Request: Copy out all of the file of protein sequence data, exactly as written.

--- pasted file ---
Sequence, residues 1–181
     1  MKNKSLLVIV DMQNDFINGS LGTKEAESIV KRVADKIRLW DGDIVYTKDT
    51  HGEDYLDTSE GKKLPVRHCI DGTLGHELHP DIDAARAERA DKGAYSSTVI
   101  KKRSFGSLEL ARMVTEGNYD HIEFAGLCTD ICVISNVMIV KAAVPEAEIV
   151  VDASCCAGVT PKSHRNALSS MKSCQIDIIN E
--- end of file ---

Sequence, residues 1–181
     1  MKNKSLLVIV DMQNDFINGS LGTKEAESIV KRVADKIRLW DGDIVYTKDT
    51  HGEDYLDTSE GKKLPVRHCI DGTLGHELHP DIDAARAERA DKGAYSSTVI
   101  KKRSFGSLEL ARMVTEGNYD HIEFAGLCTD ICVISNVMIV KAAVPEAEIV
   151  VDASCCAGVT PKSHRNALSS MKSCQIDIIN E